The House of Commons, alongside issue Committees like the Public Accounts Committee, also have Departmental Select Committees that scrutinise a particular government department. This means that the levels of Executive Scrutiny carried out by Commons Committees is much higher. In addition, the Commons has a Liason Committee. This is made up of the Chairs of all other Committees. Since 2002, the PM has appeared at least annually in front of the Committee and faced questions from it. Since the Wright Reforms of 2009 the ability of Select Committees to scrutinise the Government have also increased.
However, the Lords often also set up special inquiry committees to look at issues that might arise during a Parliament. For example, there is currently a Lords COVID-19 Committee that have investigated four issues related to COVID-19. This is something that the Commons does not replicate.
Overall, Committees are much more powerful in the Commons and therefore better at scrutinising the Executive. However, on certain issues, most notably the Constitution, the Lords Committees offer better scrutiny than that of the Commons.
Just like in the House of Commons, Question Time takes place each Monday to Thursday in the Lords. The questions will be fielded by a Lords Minister (if there is one) or by a Government Lords spokeperson. However, whereas in the Commons Question Time is very broad, Question Time in the Lords is more specific with a particular focus of each Question Time. For example, here are the Question Time schedules for Thursday 21st October 2021:
09:30 – Oral Question – International Trade
Lords Questions (11.00 onwards):
- Employing ‘elemental analysis’ to determine where cotton used in goods imported to the UK was cultivated
2. What environmental considerations influence government trade policy?
3. Takeover of UK companies by private equity firms
4. Impact of the Protocol on Ireland/Northern Ireland on trade within the island of Ireland since 1 January
5. Discussions with the Vice President of the European Commission following the publication of the EU’s proposals regarding the Protocol on Ireland/Northern Ireland
6. Diplomatic consequences for trade negotiations of the government’s decision to renegotiate the Protocol on Ireland/Northern Ireland
In some respects this increases the scrutineering powers of the Lords as Ministers or Spokespeople are asked very specific questions to which they cannot escape with a party political response. However, one of the limits of Lords Question Time is there may not be a Minister to be held directly accountable. This is particularly notable in the case of the Prime Minister. By convention, the Prime Minister must now come from the House of Commons. Therefore, whilst they are scrutinised by the Commons each Wednesday, they are never directly scruitnised by the Lords. Further to this, the Speaker of the House of Commons can demand the government come to the Commons to answer Urgent Questions. This has been a mechanism of scrutiny that has grown significantly in recent years, as Lindsay Hoyle has followed the trend of John Bercow in allowing many more Urgent Questions.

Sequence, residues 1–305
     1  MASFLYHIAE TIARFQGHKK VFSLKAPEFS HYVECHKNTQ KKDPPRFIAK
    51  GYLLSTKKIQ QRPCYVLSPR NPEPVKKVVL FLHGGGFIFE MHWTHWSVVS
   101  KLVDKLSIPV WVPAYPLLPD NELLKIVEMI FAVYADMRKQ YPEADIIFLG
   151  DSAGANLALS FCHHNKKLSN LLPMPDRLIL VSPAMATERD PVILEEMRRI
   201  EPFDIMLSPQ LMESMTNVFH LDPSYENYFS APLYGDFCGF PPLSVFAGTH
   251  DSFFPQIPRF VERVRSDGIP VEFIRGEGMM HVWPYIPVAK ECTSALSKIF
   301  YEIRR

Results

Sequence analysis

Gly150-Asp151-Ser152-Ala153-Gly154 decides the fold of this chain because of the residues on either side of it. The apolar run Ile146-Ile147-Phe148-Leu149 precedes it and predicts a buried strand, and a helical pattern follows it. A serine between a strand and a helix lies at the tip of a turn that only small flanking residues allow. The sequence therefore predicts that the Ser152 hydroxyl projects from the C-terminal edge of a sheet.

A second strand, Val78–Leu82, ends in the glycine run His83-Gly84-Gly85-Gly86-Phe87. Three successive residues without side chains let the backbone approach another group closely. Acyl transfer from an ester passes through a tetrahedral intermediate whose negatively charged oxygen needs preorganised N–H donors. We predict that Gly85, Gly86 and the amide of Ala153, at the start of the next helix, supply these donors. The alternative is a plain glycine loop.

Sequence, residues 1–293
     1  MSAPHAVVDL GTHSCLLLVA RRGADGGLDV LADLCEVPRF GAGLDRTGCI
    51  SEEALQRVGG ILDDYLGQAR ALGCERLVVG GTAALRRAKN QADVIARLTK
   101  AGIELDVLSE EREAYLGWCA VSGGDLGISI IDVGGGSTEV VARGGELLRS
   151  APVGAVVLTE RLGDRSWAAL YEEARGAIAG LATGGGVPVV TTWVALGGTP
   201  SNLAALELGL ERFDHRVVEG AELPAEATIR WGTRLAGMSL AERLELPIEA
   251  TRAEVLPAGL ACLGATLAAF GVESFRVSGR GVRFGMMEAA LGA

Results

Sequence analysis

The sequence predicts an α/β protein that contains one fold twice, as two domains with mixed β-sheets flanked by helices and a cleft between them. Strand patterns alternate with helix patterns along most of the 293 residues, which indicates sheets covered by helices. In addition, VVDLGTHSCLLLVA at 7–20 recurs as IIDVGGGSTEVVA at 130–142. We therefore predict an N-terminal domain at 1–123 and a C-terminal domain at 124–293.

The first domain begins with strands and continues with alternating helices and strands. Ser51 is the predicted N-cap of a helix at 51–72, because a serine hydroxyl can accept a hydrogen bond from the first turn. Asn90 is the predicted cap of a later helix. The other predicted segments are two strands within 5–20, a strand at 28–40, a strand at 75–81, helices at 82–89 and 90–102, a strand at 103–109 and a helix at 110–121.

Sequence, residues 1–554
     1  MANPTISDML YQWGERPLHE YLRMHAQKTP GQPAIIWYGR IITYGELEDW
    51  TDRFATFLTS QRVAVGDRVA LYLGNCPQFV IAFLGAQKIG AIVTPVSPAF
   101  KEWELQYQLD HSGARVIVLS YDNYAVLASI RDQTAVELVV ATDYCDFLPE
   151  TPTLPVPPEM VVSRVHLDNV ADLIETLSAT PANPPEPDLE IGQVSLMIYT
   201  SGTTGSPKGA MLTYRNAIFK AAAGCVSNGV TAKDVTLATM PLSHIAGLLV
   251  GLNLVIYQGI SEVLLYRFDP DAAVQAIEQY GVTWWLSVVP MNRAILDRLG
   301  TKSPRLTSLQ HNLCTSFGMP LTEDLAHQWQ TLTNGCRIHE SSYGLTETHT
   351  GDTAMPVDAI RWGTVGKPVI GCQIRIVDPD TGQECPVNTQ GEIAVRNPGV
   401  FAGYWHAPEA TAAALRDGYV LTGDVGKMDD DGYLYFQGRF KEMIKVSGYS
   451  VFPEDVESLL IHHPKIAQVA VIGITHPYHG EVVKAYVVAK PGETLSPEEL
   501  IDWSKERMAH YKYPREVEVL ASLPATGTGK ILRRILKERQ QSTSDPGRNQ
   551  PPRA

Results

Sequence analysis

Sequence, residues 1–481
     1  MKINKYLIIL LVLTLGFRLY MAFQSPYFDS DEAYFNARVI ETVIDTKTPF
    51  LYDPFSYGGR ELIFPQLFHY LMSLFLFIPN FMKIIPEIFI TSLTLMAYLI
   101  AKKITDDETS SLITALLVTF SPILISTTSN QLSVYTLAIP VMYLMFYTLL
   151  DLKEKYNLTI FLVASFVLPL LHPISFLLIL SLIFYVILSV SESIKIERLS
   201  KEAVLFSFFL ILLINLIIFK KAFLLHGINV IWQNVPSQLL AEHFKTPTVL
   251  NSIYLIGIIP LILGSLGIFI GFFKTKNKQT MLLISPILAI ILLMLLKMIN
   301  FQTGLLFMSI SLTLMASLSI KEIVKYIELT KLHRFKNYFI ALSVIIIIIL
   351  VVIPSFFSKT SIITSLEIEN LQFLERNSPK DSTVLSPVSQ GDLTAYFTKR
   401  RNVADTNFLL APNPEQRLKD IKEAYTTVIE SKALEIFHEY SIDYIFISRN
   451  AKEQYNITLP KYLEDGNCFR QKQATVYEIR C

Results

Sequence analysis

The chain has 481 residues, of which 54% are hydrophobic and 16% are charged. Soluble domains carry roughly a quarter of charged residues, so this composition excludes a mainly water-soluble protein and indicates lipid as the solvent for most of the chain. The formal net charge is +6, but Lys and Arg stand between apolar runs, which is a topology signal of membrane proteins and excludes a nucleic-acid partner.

Therefore, in terms of Question Time, whilst there are elements of the Lords processess that make it better, the absence of Ministers and the inability to demand Urgent Questions means that the Lords ability to scrutinise the Executive through this method is more significant.
Debates are held in a similar fashion in the House of Lords to the House of Commons. Similarly to the issue of legislation, Lords have more time and more expertise to debate issues in depth. They are also less partisan and do not have to show their constituents they are representing them and so do not feel the need to make interventions for show. However, debates in the House of Commons always have a response from the Government and often from senior ministers. For example, at the end of a three-day debate on exiting the EU in December 2018, Theresa May answered questions for nearly three hours.
Votes of No Confidence
The ultimate form of scrutiny that a Government faces is a motion of no confidence. However, this is a mechanism unique to the House of Commons. The Government relies on the support of the elected House of Commons to remain in office, but not that of the unelected Lords. The last Prime Minister to face a confidence motion was Theresa May in January 2019. She survived this vote by 325 to 306. The last successful motion of no confidence was against the administration of James Callaghan which he lost by 311-310.
Therefore, as there is no equivalent mechanism in the Lords, it is clear on this final method of scrutiny that the House of Commons is more effective.
Which House performs better scrutiny of the Executive?
It is undeniable that in ways the scrutiny offered by the House of Lords is superior to the House of Commons. The range of expertise, the time available to them and the non-partisan atmosphere all contribute to this. However, despite these factors, the Lords cannot be said to perform better scrutiny of the Executive than the Commons. The difference in the powers and composition of the two houses means that the Lords is always mindful of over-stepping its mark constitutionally. Secondly, the inability to directly scrutinise the majority of Ministers stops it from fully holding the government fully to account.